Easy DC Motor Controller





Introduction: Easy DC Motor Controller

If you're building a robot or other microcontrolled gadget, you will need to drive DC motors forwards and backwards. In this instructable, I'll demonstrate a simple and inexpensive circuit that controls a DC motor from two I/O pins. It requires no integrated circuits, and uses commonly available parts. I recommend you build it on a breadboard the first time. I designed this circuit, but I'm not the inventor of this type of motor controller. I got interested in motor control circuits like this one when I saw the amazingly precise movements of the Makerbots and CNC routers at Maker Works in Ann Arbor.

Step 1: Parts List

Here are the parts you'll need. All of them should be available at your local RadioShack or hobby store.

(1) DC motor

(4) MOSFET transistors. I used the IRF540N, but any N-channel MOSFET will do.
(4) Diodes

(2) NPN bipolar transistors. I used the BC548.

(2) PNP bipolar transistors. I used the BC327.

(4) 2200 ohm resistors (red-red-red)

(4) 10K ohm resistors (brown-black-orange)

Some jumper wires and a breadboard, if desired

The resistor values are not critical. Values that are fairly close will most likely work fine. 

Step 2: The Finished Circuit

Here's a picture of the complete circuit on a breadboard, with some additional part labels.

Step 3: How to Use It

This circuit is designed to run a motor from the same power source as your microcontroller. Setting I/O pin 1 high makes the motor spin in one direction, and setting pin 2 high makes it spin in the other. Setting both pins low stops the motor, so speed control can be achieved through a PWM signal to a pin. I should also mention that setting both pins high at the same time shorts your battery, and should be avoided. I used a 12 volt power supply I made, but you could go as high or low as your transistors can handle. If you are driving very large motors, I recommend putting the MOSFETS on a heatsink or fan. Attached is a video of the circuit in action. 

I'm connecting the transistor gates to positive by touching them with a jumper wire in this video, but they also are easily switched by two microcontroller I/O pins. I put a piece of red tape on the motor shaft to make it easier to see.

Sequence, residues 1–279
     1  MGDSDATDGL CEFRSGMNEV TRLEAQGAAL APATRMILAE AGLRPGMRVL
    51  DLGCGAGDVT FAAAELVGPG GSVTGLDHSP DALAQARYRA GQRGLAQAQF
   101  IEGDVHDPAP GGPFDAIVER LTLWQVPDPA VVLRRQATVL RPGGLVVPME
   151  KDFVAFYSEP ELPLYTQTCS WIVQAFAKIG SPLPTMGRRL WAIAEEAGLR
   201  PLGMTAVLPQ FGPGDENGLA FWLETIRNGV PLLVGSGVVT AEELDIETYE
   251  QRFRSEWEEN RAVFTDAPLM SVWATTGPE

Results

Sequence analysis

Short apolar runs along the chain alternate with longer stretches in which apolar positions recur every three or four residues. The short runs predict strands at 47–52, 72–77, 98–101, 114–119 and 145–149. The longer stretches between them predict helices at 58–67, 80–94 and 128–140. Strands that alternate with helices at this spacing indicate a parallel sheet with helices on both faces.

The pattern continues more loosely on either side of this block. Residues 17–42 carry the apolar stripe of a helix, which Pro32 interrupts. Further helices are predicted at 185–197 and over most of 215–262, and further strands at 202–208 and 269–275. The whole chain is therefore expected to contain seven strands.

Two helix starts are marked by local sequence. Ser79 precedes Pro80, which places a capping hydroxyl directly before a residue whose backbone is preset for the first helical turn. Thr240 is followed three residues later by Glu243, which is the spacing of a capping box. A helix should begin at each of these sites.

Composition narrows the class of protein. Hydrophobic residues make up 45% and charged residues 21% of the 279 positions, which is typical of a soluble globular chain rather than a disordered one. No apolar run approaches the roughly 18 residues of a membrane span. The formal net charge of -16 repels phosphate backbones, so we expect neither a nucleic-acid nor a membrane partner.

Step 4: How It Works

When you set pin one high with your microcontroller, the NPN transistor Q7 switches on. This connects the base of the PNP transistor Q5 to ground, turning it on as well. Q5 then connects +12 volts to the mosfets Q1 and Q4, which connect the motor to positive and ground. Setting pin 2 high connects the motor to positive and ground in the opposite polarity. The four diodes protect your transistors from voltage surges that sometimes occur when a DC motor is abruptly stopped. The 10K ohm resistors pull the bases of the transistors to ground when your I/O pin goes low, and the 2200 ohm resistors limit the current that can be drawn from your I/O pins to protect them. Have fun spinning motors! I used two of this circuit for the drive train of my robot butler.



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I would really like a pcb layout to mill out a few circuit boards for this. I would certainly be willing to send back a few milled circuit boards in return.


I'm considering making these as kits and selling them. Would anybody be interested in buying a kit if I go through with it?

You can also sell the PCB and schematic diagram of this motor drive circuit.

Yes this circuit seems to work exceptionally well, A PCB version would be preferable for durability and professionality. Maybe a variety of circuits with different power handling capabilities. Like a little pack you get with the PCB and the components and you solder them on yourself?

I would like to thank you for this circuit as I was able to adapt it further to create a robot arm controller and control 5 motors with this one circuit.

On what? A breadboard or a circuit board?

Presumably a circuit board. I was thinking a solder-it-yourself type of kit that comes with the necessary parts and a pcb. I could probably do a breadboard or veroboard instead though. What would you prefer?

id be exceptionally interested
higher voltage/amperage ones would be a must for my applications though :)

Hey thank you for this awesome circuit, used it in a trade school project for proportional forward and reversing relative to temperature. I used the IRF511 MOSFETS and boy do they get hot!

Glad to hear it worked for you! Heat sinks are your friend

If anybody had a file or even made scale pencil drawing which I could convert to file for milling a pcb circuit I would gladly send you a few milled boards..


I mistakenly emitter the collector in BC327. Can it still be?